Sweat v. Miller Brewing Co.

Decision Date01 July 1983
Docket NumberNo. 82-8175,82-8175
Citation708 F.2d 655
Parties32 Fair Empl.Prac.Cas. 384, 32 Empl. Prac. Dec. P 33,722 Donald A. SWEAT, Executor of the Will of Barbara C. Carlson, Plaintiff-Appellant, v. MILLER BREWING COMPANY, A Wisconsin Corp., Defendant-Appellee.
CourtU.S. Court of Appeals — Eleventh Circuit

Stagg, Wildau, Simpson, Hoy & Oakley, Mary Ann B. Oakley, Atlanta, Ga., for plaintiff-appellant.

Donald B. Harden, Weyman T. Johnson, Jr., Atlanta, Ga., for defendant-appellee.

Appeal from the United States District Court for the Middle District of Georgia.

Before RONEY and CLARK, Circuit Judges, and GIBSON *, Senior Circuit Judge.

RONEY, Circuit Judge:

Barbara C. Carlson alleges her discharge from Miller Brewing Company was the result of sex and age discrimination in violation of Title VII of the Civil Rights Act and the Age Discrimination in Employment Act. 42 U.S.C.A. Secs. 2000e et seq., 29 U.S.C.A. Secs. 621 et seq. The district court denied Carlson's motion to compel discovery of statistical information and granted summary judgment for the employer. Because a genuine issue of fact was presented concerning the reason for Carlson's discharge, we reverse the grant of summary judgment and remand the case for a trial. We remand the motion to compel discovery for reconsideration by the trial judge.

Donald A. Sweat, the executor of Carlson's will, has been substituted as a party in this appeal because of Carlson's death while this appeal was pending. The motion for substitution was unopposed. Because the parties have not addressed the matter, we assume without deciding that this action survives the death of the plaintiff. See Kilgo v. Bowman Transportation, Inc., 87 F.R.D. 26, 28 (N.D.Ga.1980).

In reviewing the grant of summary judgment, the question is whether there is any genuine issue of material fact. Fed.R.Civ.P. 56(c). We must view the evidence in the light most favorable to Carlson, the party opposing the motion for summary judgment. Impossible Electronics Techniques, Inc. v. Wackenhut Protective Systems, Inc., 669 F.2d 1026 (5th Cir. Unit B 1982).

Barbara Carlson, a woman over 40 who was qualified for her position as an industrial relations representative at the Miller Brewing Company, was discharged. Two males under 40 were added to the staff as industrial relations representatives. As defendant recognizes, this establishes a prima facie case of sex and age discrimination. Miller Brewing Company articulated a legitimate nondiscriminatory reason for Carlson's discharge, claiming it was because she stated she had taped the exit interview of another Miller employee. According to the company, this incident undermined her credibility and that of the department.

Carlson claims that the reason asserted for her dismissal was merely a pretext for impermissible age and sex discrimination. An employee may demonstrate pretext "either directly by persuading the court that a discriminatory reason more likely motivated the employer or indirectly by showing that the employer's proffered explanation is unworthy of credence." Texas Department of Community Affairs v. Burdine, 450 U.S. 248, 256, 101 S.Ct. 1089, 1095, 67 L.Ed.2d 207 (1981). Carlson presented evidence that her supervisor, Richard Wilson, was motivated by discriminatory intent, and evidence that the stated reason for her dismissal was not credible.

Carlson presented affidavit and deposition testimony concerning Wilson's discriminatory intent. (1) Wilson had told Carlson she did not fit his "management style" and that women have a difficult time in labor relations. (2) When Carlson observed that she had not seen any women as industrial relations managers, Mr. Wilson replied, "We take care of that during the appraisal." (3) When Carlson asked Wilson if some of her heavy workload could be shared with others, he responded, "that is a typical female remark." (4) He assigned the brewery's uniform program to her because she was a woman. (5) As time for production at the brewery approached and more employees were hired, Mr. Wilson specifically informed Ms. Carlson that he was going to hire two male industrial relations representatives. Two males under age 40 were soon hired. (6) Wilson, under age 40, referred to some of Carlson's work experience as "ancient history" and told her that working is difficult "after the years add up." (7) Mr. Wilson referred to a Miller officer approximately Carlson's age as a "senile old man." (8) He also told Ms. Carlson that "old people serve no useful purpose." (9) When Ms. Carlson was ill and required hospitalization soon after her arrival in Albany Mr. Wilson told her that he did not think she would be physically fit to return to work at her age.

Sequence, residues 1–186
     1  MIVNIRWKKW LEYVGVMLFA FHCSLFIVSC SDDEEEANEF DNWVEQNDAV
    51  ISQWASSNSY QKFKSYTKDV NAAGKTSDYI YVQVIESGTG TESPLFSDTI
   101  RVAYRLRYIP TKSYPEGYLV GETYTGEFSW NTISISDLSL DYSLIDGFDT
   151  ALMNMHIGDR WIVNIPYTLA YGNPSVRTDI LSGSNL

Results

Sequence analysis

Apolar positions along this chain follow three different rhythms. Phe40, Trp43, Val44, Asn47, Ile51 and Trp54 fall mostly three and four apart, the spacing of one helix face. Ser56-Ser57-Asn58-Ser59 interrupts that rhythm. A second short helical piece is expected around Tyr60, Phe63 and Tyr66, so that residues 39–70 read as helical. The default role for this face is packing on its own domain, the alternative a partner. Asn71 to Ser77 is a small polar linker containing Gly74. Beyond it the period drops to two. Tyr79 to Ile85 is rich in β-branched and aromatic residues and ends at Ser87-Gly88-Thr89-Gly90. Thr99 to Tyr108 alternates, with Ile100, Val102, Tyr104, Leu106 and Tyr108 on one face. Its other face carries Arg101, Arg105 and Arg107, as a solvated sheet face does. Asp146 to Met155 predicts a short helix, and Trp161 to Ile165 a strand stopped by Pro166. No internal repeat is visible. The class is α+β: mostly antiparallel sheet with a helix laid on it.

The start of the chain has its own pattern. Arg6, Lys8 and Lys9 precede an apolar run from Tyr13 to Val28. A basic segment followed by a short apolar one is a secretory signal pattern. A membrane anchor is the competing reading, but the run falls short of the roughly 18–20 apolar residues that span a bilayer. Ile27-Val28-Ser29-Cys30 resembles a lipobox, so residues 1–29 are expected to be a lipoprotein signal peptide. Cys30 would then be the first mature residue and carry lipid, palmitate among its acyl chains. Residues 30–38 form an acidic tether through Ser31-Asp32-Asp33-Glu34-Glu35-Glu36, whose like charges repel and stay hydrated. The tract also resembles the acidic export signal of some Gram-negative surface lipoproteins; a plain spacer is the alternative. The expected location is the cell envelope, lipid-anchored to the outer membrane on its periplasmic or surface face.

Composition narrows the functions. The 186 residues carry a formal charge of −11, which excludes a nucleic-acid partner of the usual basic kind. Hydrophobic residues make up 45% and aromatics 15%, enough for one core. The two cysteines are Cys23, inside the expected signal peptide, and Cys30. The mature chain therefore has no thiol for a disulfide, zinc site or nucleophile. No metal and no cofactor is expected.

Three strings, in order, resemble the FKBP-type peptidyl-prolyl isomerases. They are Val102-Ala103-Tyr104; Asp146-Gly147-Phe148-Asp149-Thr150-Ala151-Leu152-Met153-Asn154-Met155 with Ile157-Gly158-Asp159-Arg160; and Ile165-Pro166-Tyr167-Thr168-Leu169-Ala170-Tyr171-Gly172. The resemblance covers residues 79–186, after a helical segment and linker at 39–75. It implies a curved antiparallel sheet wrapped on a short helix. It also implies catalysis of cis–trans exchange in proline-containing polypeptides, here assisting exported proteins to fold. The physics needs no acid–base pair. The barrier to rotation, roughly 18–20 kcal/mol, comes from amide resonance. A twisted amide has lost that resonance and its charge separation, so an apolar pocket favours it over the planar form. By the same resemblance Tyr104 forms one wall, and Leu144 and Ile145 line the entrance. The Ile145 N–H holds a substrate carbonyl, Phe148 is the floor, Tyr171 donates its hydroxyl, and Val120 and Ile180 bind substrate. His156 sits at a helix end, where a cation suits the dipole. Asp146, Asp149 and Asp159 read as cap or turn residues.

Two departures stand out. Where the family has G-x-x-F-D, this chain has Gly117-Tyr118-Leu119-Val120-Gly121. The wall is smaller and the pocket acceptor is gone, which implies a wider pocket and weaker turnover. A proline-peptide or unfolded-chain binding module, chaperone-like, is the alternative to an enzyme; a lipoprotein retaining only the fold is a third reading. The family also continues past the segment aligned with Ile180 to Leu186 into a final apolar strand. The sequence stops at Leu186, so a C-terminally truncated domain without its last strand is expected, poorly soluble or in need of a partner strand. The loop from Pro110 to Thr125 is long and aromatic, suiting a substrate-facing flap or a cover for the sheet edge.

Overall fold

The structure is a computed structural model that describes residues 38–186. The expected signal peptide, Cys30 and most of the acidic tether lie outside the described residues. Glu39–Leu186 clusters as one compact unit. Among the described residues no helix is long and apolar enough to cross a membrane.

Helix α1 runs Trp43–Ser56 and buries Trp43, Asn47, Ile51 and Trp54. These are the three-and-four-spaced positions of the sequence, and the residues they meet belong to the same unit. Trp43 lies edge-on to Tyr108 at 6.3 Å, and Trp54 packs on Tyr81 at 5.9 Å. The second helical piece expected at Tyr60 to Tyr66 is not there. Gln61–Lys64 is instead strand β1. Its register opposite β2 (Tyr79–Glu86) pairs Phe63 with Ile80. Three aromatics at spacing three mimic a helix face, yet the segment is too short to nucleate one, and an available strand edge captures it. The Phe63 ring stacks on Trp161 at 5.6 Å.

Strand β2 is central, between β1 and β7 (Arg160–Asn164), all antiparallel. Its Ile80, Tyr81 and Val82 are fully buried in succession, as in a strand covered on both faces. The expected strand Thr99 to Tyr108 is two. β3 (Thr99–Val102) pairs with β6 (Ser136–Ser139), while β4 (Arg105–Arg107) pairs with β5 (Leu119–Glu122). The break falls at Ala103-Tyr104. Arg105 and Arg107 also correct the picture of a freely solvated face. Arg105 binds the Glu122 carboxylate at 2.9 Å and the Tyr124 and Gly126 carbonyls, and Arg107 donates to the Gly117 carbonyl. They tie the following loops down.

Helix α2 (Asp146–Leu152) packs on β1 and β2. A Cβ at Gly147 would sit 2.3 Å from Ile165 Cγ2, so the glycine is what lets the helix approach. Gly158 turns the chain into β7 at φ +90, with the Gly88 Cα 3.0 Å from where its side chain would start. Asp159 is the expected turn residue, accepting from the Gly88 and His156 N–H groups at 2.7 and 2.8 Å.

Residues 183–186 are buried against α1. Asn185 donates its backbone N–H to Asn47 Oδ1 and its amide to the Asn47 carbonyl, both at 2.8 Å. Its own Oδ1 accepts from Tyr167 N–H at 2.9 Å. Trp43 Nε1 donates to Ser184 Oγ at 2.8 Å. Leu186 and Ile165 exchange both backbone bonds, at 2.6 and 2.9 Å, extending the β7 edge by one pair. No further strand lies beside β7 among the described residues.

Attempting to discount the employer's stated reason for her dismissal, Carlson alleges that her supervisor gave differing accounts of the precise reason for her dismissal. She presented testimony from various Miller employees to support her claim that the supervisor's criticisms of her were not factually supported. Regarding the "taping incident," she explained her reason for her statement that she had taped the interview. Carlson claims there is no evidence that she was warned, suspended, reprimanded, or relieved of any duties during the seven weeks following the incident because of damage to her credibility or that of the department.

Through this evidence, Carlson has presented a question of fact as to whether the stated reason for her dismissal from Miller Brewing Company was a pretext for discrimination. The Supreme Court has stated that intent is the ultimate issue of fact to be determined in an employment discrimination suit. Pullman-Standard v. Swint, 456 U.S. 273, 288-89, 102 S.Ct. 1781, 1790, 72 L.Ed.2d 66 (1982). The employer's intent is clearly disputed in this case, and summary judgment was therefore inappropriate....

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